André Platzer is an Assistant Professor of Computer Science at Carnegie Mellon University. He develops the logical foundations of cyber-physical systems to characterize their fundamental principles and to answer the question how we can trust a computer to control physical processes. He received an M.Sc. from the University of Karlsruhe (TH), Germany, in 2004 and a Ph.D. in Computer Science from the University of Oldenburg, Germany, in 2008, after which he joined CMU as an Assistant Professor.
Dr. Platzer received a number of awards for his research on logic of dynamical systems, cyber-physical systems, programming languages, and theorem proving, including an NSF CAREER Award and ACM Doctoral Dissertation Honoroable Mention Award. He was also named one of the Brilliant 10 Young Scientists by the Popular Science magazine and one of the AI’s 10 to Watch by the IEEE Intelligent Systems magazine.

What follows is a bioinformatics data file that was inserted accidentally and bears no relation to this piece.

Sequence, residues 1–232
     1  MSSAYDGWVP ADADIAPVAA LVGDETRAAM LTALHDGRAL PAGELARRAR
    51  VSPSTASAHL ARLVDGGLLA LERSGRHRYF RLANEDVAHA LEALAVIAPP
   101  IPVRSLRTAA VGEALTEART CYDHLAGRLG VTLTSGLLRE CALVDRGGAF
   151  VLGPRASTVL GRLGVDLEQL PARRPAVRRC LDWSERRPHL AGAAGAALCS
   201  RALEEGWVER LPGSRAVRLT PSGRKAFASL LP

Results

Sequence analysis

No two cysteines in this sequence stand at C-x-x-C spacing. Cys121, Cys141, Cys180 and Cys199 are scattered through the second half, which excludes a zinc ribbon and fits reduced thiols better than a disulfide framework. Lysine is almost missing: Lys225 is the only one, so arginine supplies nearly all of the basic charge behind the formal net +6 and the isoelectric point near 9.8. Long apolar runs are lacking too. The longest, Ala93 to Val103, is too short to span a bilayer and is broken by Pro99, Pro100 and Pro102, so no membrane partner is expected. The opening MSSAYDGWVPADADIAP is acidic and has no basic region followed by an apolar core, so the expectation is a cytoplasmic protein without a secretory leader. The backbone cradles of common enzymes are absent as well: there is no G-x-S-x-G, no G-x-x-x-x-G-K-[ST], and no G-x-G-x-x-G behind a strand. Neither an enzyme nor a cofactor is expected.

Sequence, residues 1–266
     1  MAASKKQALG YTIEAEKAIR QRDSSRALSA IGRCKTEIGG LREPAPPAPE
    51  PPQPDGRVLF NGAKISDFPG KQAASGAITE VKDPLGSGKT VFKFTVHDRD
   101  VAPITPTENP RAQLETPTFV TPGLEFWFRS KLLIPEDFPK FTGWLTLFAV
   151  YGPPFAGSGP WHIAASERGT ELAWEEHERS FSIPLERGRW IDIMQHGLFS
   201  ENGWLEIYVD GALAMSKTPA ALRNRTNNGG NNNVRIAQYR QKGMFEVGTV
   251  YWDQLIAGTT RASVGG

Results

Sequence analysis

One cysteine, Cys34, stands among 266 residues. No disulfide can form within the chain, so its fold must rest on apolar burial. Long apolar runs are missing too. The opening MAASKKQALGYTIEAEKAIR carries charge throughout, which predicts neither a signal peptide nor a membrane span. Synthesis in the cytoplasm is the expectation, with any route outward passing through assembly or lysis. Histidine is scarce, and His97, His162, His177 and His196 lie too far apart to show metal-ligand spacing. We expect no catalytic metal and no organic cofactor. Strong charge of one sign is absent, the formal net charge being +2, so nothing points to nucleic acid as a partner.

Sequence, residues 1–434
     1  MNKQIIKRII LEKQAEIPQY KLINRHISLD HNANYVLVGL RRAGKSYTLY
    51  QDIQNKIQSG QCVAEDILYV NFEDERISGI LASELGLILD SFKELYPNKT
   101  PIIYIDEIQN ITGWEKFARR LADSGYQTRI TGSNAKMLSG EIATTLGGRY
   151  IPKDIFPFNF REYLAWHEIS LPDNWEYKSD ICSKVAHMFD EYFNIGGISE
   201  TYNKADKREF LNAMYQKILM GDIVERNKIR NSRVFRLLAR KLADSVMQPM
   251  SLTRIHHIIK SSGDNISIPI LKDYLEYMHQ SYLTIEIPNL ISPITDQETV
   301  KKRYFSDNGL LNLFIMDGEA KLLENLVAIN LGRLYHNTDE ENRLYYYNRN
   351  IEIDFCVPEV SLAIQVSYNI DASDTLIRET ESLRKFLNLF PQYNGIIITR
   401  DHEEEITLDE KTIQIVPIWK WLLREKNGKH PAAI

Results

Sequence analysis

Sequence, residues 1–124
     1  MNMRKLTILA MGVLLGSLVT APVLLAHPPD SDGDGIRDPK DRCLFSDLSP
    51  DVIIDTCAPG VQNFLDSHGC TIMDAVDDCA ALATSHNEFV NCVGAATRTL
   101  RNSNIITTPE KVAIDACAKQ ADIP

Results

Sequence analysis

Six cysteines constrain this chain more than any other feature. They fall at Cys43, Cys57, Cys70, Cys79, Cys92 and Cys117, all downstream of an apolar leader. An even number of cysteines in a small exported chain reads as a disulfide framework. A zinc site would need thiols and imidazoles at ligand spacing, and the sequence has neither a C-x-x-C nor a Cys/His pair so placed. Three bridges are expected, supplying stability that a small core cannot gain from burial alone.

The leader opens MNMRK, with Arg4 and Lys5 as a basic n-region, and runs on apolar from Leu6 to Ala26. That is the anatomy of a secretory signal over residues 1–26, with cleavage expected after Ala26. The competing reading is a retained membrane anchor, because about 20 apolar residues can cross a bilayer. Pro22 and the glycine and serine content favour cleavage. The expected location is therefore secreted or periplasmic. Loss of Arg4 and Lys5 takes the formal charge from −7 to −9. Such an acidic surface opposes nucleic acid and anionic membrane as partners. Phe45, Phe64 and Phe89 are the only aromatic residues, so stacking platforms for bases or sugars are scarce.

Highlights of Platzer’s thoughts, from the interview below:
- KeYmaera is a formal verification tool for cyber-physical systems. It has seen many real-world applications, e.g. verifying non-collision in the European Train Control System.
- KeYmaera’s capability comes from Platzer’s “differential dynamic logic,” which builds on earlier work in (e.g.) dynamic logic.
- Contra Levitt, Platzer isn’t convinced that autonomous robots will need to use decision theory, though they may.
- Platzer contrasts formal verification (“did I build the system right?”) with formal validation (“did I build the right system?”). One way to make progress on the latter is to develop what Rushby called “deep assumption tracking.”